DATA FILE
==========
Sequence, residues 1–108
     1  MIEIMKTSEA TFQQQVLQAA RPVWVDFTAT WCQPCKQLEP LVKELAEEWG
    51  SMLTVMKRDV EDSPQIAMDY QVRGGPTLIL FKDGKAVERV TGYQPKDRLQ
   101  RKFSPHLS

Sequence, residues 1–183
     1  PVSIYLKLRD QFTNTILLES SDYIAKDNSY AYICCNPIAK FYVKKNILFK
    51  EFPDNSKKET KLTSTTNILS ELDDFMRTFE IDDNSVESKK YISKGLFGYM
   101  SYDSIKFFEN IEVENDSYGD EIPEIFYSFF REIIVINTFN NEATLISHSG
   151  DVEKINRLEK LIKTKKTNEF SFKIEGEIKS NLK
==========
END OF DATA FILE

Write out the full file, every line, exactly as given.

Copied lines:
Sequence, residues 1–108
     1  MIEIMKTSEA TFQQQVLQAA RPVWVDFTAT WCQPCKQLEP LVKELAEEWG
    51  SMLTVMKRDV EDSPQIAMDY QVRGGPTLIL FKDGKAVERV TGYQPKDRLQ
   101  RKFSPHLS

Sequence, residues 1–183
     1  PVSIYLKLRD QFTNTILLES SDYIAKDNSY AYICCNPIAK FYVKKNILFK
    51  EFPDNSKKET KLTSTTNILS ELDDFMRTFE IDDNSVESKK YISKGLFGYM
   101  SYDSIKFFEN IEVENDSYGD EIPEIFYSFF REIIVINTFN NEATLISHSG
   151  DVEKINRLEK LIKTKKTNEF SFKIEGEIKS NLK